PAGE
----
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Old 11-26-2012, 06:21 AM
 
Location: Cincinnati
3,335 posts, read 5,730,809 times
Reputation: 2058

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Quote:
Originally Posted by Chemistry_Guy View Post
I don't know how this could happen. Carboys always have an airlock. The only thing that explodes are the bottles if there is unfermented sugar left over before priming and bottling. If you bottle it right, the glass won't break and the cap just shoots off. You can avoid all glass entirely by using corny kegs.
I've heard of people pressurizing carboys with co2. This is a bad idea, and probably how the carboy explosion occurred.
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Old 11-26-2012, 06:56 AM
 
1,130 posts, read 2,024,518 times
Reputation: 700
Quote:
Originally Posted by Chemistry_Guy View Post
I don't know how this could happen. Carboys always have an airlock. The only thing that explodes are the bottles if there is unfermented sugar left over before priming and bottling. If you bottle it right, the glass won't break and the cap just shoots off. You can avoid all glass entirely by using corny kegs.
Spend a little time down at Listermann's and you'll find out.
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Old 11-26-2012, 07:22 AM
 
Location: Cincinnati near
2,509 posts, read 3,355,392 times
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I guess I am spoiled because most of the homebrewers I know are also chemists and thus have lots of gas safety experience under their belts. If people are using gas cylinders, possibly without regulators, to pressurize sealed vessels then homebrewing could be dangerous indeed. Proper bottling removes the risk of "bottle bombs" and even improper bottling is not dangerous if you are conscientious about measuring specific gravity throughout the fermentation process. Honestly, the most dangerous part of home brewing, if you are doing it right, is pouring the hot water from your pot into your fermentation vessel, and that step isn't much more dangerous than cooking a big pot of pasta and straining it.

Of all of my hobbies, homebrewing is just about the safest. Bicycling, motorcycling, and skeet shooting all have a much higher potential for serious injury. While not rocket science, getting good results brewing your own beer takes some care and planning. I don't see how anyone with enough sense and patience to successfully brew good beer would simultaneously be careless enough to do it in a dangerous way.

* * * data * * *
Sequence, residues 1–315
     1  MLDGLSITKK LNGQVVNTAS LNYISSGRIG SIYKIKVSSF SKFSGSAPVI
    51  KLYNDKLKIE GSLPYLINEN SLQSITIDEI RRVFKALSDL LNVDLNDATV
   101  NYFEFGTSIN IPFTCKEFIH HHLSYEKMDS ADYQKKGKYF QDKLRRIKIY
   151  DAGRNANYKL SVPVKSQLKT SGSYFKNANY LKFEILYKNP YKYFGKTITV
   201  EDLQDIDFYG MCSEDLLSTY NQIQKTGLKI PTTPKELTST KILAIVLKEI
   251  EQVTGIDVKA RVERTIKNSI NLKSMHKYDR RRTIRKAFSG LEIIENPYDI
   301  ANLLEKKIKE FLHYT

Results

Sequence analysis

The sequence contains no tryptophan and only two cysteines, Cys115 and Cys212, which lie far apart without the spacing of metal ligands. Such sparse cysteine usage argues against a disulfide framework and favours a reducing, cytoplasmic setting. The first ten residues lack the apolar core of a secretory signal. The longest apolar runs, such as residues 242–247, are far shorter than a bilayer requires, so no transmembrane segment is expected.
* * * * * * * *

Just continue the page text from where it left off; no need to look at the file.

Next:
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Old 11-26-2012, 07:40 AM
 
Location: Mason, OH
9,259 posts, read 13,369,950 times
Reputation: 1920
Just as I don't understand how someone willing to spend their money on a car or truck, considering purchase, insurance, fueling, and maintenance would go out and operate it in an unsafe way, but I observe it all the time.

The homebrewers I know are not chemists, but at least they are engineers with some appreciation for pressure, etc. I can't recall any of them remarking about an explosion with their beer, but maybe if it happened they would want to keep it quiet.

I had a co-worker who was big into home made wine. He always had several varieties in the works. I like what he produced as it was normally dry, which is my preference in wine.
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Old 12-06-2012, 09:11 PM
 
Location: A voice of truth, shouted down by fools.
1,086 posts, read 2,223,744 times
Reputation: 894
About supplies and equipment: tonight we went to Jungle Jim's, and I found that they have a *significant* selection of beer making supplies and equipment. Not huge, but much larger than Arrow Wine up in Dayton, for example.

They have "Brewers Best" equipment kits and 5 gallon prepackaged kits, and separate supplies like malted extract, grains, yeast, sugars, etc. I think I saw a cooler in the sub-department containing... yeast?

Prices seemed to be at par with online ordering (Jungle Jim's has about the fairest pricing of specialized stuff I've seen anywhere locally.)

FYI.
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